The United States and Russia vowed Tuesday to renew co-operation on a broad array of global security matters, including intelligence sharing on Islamic State militants, the even as the two powers remained deeply at odds over the crisis in Ukraine.
Although Secretary of State John Kerry didn't use the term "reset" – a relationship-mending term President Barack Obama coined in his first term to tighten U.S.-Russian ties – he employed familiar language about managing differences and forging a better partnership on matters where they agree.
After meeting for more than three hours in Paris with Russian Foreign Minister Sergey Lavrov, Kerry said both sides need to recognize they have "major responsibilities" as world powers, from combatting Islamist extremism in the Middle East to dealing with Iran and North Korea's nuclear programs. As a concrete example of their work together, he said the U.S. and Russia would start sharing intelligence on the Islamic State militants, which the U.S. and allies are fighting in Iraq and Syria.
Lavrov, speaking separately, confirmed intelligence-sharing would begin and also spoke positively about improving U.S.-Russian ties. "Mr. Kerry and I don't represent warring sides," he said.
The nations play a "special role" in the world, he said. "We can co-operate better together to increase the effectiveness of settling problems for larger society. That especially concerns the fight against terrorism, which has now become the main threat to the whole Mideast."
The divide in their positions over Ukraine clearly persisted, however. Russia and its allied forces in the country must halt remaining violence in the restive east, pull back forces and weapons and release any hostages, Kerry said, noting that he had told Lavrov that any independence referendums would not be recognized by the world.
The tone of Kerry's news conference harked back to the Obama administration's first term, when Obama sought to reset ties between Washington and Moscow that were badly frayed by the 2008 war in Georgia and other tensions. The spirit of goodwill yielded a nuclear arms reduction pact and some other diplomatic successes, but the relationship became increasingly defined by hostility after Vladimir Putin's return to the presidency in 2012. The Ukraine crisis sent them to a post-Cold War low.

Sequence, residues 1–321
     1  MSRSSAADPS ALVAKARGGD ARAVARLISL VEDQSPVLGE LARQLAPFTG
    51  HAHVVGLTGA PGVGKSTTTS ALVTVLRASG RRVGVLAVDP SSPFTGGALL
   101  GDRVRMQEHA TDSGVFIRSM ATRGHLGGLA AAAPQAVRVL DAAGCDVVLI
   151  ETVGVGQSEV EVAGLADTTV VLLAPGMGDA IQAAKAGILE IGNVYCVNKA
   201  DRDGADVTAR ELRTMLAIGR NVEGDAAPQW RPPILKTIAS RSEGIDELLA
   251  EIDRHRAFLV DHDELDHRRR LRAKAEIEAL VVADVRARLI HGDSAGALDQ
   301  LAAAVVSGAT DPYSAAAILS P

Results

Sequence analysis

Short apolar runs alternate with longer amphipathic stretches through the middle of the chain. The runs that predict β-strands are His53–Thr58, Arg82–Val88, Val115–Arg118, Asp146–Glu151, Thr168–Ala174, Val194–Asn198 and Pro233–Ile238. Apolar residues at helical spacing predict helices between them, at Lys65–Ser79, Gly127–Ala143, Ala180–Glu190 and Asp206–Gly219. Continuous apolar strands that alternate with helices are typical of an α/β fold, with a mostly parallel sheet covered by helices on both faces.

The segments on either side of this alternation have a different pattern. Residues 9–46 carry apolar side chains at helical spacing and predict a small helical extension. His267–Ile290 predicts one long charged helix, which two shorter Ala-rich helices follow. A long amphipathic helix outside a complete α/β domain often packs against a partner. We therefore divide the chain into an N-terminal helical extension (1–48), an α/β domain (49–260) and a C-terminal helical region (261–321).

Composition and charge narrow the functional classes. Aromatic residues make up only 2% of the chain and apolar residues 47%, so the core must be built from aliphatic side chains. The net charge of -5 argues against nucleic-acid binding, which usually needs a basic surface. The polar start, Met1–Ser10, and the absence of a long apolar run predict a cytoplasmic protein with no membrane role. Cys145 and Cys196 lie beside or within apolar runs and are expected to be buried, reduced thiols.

The "bulk" of Tuesday's talks focused on issues other than Ukraine, Kerry stressed. He highlighted the international campaign against the Islamic State group in particular, saying both countries recognize the group "has absolutely no place in the 21st century."
"No civilized country should shirk its responsibility to stand up and be a part of this effort," Kerry said. He said Lavrov also signalled that Russia would provide arms and equipment to help strengthen Iraq's army.
Ukraine's crisis began when its Moscow-supported leader backed out of an economic agreement with the European Union last year and sparked the protests that would lead to his ouster. After a new government turned toward the West, Russia seized and annexed the Crimean Peninsula. In the east, it has provided support for armed pro-Russian groups despite rising U.S. and European economic sanctions.
The formula for a Ukraine breakthrough is simple – an easing of Western sanctions against Russia in exchange for an end to Russia's destabilization of its neighbour – though getting there has been far from easy. Kerry said any evaluations on lifting or suspending sanctions depend on Russia's actions.
There are some recent causes for optimism, however. Most Russian troops appear to have left the scene of the fiercest fighting between government forces and separatist rebels, according to Ukrainian military officials. And with economic penalties beginning to bite in Russia, Putin is heading to Milan for talks with Ukraine's President and European Union leaders later this week.
Violence continues, but at a lesser rate, despite a cease-fire last month between the Ukrainian government and rebels. Ukraine still accuses Russia of allowing fighters across the border and Kerry stressed that the two countries need to internationally recognized and secure borders.
Putin, for his part, has ordered about 17,600 Russian troops who were posted near the Ukrainian border to return to their permanent bases. It may be a sign of goodwill ahead of his European diplomacy. Russia has never acknowledged sending troops inside of Ukraine.
Angela Charlton contributed to this report.